"We use 9mm so we don't kill each other" is the dumbest possible reason to use a MP5. Stop shooting each other!
https://youtu.be/gNMXl9Xj72c?t=2m40s
__________________
"The gun has played a critical role in history. An invention which has been praised and denounced... served hero and villain alike... and carries with it moral responsibility. To understand the gun is to better understand history."

“What is morality in any given time or place? It is what the majority then and there happen to like, and immorality is what they dislike.” - Alfred North Whitehead
Reply With Quote
  #75  
Old 05-10-2018, 04:59 AM
Mazryonh Mazryonh is offline
Senior Member
 
Join Date: Feb 2010
Posts: 261
Default

Quote:
Originally Posted by Mandolin View Post
No one uses that stuff in combat though.
The point remains that unlike Moore's Law, human bodies have remained as vulnerable as ever to ballistic trauma. That's why killing people with those weapons is just as viable as it was centuries ago.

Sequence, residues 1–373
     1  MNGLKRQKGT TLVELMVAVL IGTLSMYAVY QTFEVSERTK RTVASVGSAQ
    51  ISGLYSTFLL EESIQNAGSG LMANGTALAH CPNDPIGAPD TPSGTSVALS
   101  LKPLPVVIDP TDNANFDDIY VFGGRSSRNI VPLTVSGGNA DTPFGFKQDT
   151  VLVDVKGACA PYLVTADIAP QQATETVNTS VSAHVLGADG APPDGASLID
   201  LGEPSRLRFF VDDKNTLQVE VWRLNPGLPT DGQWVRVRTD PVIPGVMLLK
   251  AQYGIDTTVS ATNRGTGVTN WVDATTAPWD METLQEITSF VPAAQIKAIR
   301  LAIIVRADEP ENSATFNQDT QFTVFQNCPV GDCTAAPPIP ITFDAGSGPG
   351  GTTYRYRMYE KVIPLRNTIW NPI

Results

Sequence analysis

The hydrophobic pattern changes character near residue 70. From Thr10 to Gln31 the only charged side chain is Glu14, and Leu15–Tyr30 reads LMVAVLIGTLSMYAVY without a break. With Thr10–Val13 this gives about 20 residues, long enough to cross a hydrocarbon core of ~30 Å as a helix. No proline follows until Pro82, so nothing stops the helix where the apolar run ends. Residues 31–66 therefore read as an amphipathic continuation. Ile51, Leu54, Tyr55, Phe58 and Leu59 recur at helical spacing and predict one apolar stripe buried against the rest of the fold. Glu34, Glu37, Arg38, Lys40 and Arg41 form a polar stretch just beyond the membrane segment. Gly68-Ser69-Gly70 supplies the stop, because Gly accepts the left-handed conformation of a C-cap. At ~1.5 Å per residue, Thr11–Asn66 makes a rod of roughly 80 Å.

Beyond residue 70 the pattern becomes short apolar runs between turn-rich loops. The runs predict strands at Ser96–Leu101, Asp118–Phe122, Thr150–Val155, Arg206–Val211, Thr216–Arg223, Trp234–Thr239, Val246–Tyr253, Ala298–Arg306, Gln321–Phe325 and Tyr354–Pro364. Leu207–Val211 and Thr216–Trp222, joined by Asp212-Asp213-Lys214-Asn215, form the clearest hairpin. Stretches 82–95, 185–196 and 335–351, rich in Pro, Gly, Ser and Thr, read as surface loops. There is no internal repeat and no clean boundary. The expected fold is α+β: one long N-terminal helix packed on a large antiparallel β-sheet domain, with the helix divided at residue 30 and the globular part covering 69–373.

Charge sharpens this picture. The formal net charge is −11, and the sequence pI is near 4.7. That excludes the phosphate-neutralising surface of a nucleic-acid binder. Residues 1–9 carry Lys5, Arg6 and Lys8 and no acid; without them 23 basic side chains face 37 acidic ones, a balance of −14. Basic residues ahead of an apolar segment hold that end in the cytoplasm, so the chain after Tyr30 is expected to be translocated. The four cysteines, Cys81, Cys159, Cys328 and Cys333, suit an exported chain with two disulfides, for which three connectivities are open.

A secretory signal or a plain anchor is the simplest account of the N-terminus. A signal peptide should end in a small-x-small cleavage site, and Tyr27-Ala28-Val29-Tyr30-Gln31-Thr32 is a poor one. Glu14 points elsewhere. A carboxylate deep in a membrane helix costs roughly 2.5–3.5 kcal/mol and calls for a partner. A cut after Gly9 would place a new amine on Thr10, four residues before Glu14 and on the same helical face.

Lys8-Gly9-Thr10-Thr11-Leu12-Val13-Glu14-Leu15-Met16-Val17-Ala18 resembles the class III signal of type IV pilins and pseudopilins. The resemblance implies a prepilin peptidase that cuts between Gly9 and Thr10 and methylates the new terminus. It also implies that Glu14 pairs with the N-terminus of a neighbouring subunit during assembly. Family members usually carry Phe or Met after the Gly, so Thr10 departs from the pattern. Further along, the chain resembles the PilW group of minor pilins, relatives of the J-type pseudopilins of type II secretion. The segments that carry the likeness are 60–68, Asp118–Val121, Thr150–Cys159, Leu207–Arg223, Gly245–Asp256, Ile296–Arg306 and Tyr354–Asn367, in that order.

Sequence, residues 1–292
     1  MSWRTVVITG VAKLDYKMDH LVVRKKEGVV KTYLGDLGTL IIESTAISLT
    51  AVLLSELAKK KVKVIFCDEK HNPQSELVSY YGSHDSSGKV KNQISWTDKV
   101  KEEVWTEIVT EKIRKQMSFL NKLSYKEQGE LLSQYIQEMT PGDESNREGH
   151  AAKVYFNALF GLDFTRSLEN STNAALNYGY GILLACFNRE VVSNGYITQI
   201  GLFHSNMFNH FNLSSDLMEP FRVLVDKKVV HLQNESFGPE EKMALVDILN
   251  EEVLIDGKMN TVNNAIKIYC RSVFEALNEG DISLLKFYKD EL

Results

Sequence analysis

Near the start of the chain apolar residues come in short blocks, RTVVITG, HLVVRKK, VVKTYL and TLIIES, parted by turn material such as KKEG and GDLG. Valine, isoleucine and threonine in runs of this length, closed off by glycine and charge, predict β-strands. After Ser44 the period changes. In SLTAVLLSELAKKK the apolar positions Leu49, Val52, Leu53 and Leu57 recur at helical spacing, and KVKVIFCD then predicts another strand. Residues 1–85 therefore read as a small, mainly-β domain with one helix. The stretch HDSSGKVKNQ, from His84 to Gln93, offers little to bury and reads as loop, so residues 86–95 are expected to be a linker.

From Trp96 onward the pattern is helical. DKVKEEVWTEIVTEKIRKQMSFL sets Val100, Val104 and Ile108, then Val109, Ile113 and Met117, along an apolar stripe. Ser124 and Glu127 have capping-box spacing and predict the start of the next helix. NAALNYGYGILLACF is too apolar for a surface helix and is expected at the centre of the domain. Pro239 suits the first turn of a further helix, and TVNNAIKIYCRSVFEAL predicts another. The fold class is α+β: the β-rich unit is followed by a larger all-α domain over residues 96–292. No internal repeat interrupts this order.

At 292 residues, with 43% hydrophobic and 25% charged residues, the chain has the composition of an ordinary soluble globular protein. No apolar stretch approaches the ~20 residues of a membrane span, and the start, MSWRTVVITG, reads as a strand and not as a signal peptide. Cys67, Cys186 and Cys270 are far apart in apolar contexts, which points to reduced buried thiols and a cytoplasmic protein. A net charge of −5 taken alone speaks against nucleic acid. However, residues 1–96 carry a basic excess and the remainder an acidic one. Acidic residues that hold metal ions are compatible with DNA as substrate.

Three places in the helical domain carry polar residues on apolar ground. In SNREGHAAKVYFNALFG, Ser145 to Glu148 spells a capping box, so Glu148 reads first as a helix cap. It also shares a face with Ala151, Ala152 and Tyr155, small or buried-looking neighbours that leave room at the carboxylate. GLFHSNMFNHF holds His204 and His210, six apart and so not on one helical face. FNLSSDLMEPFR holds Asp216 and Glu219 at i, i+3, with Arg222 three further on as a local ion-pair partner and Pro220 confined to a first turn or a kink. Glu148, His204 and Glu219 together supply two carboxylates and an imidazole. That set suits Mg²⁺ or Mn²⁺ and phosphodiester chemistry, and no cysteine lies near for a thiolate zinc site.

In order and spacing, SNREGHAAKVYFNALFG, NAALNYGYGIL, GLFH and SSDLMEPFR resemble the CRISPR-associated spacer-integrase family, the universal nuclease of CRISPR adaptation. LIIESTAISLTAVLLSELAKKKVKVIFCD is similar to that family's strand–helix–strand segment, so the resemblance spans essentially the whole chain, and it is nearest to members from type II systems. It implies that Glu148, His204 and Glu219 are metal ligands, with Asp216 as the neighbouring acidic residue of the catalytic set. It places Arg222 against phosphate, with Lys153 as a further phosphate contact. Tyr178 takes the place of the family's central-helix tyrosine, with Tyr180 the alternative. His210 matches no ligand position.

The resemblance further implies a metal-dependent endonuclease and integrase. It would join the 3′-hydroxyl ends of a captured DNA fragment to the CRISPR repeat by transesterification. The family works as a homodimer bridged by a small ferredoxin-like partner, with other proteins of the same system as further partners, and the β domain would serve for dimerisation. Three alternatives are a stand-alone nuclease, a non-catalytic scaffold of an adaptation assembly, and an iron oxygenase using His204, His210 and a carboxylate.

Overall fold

You might also be interested in how the US Army released an RFI for "Sub Compact Weapons" in 9x19mm on May 2, 2018.

Quote:
Originally Posted by Mandolin View Post
I may be mistaken, but there's a notable lack of MP5s in HRT hands recently. They're using HK416s or other shorty M4s.
I didn't say that the article was current up-to-the-second.

Quote:
Originally Posted by Mandolin View Post
"We use 9mm so we don't kill each other" is the dumbest possible reason to use a MP5. Stop shooting each other!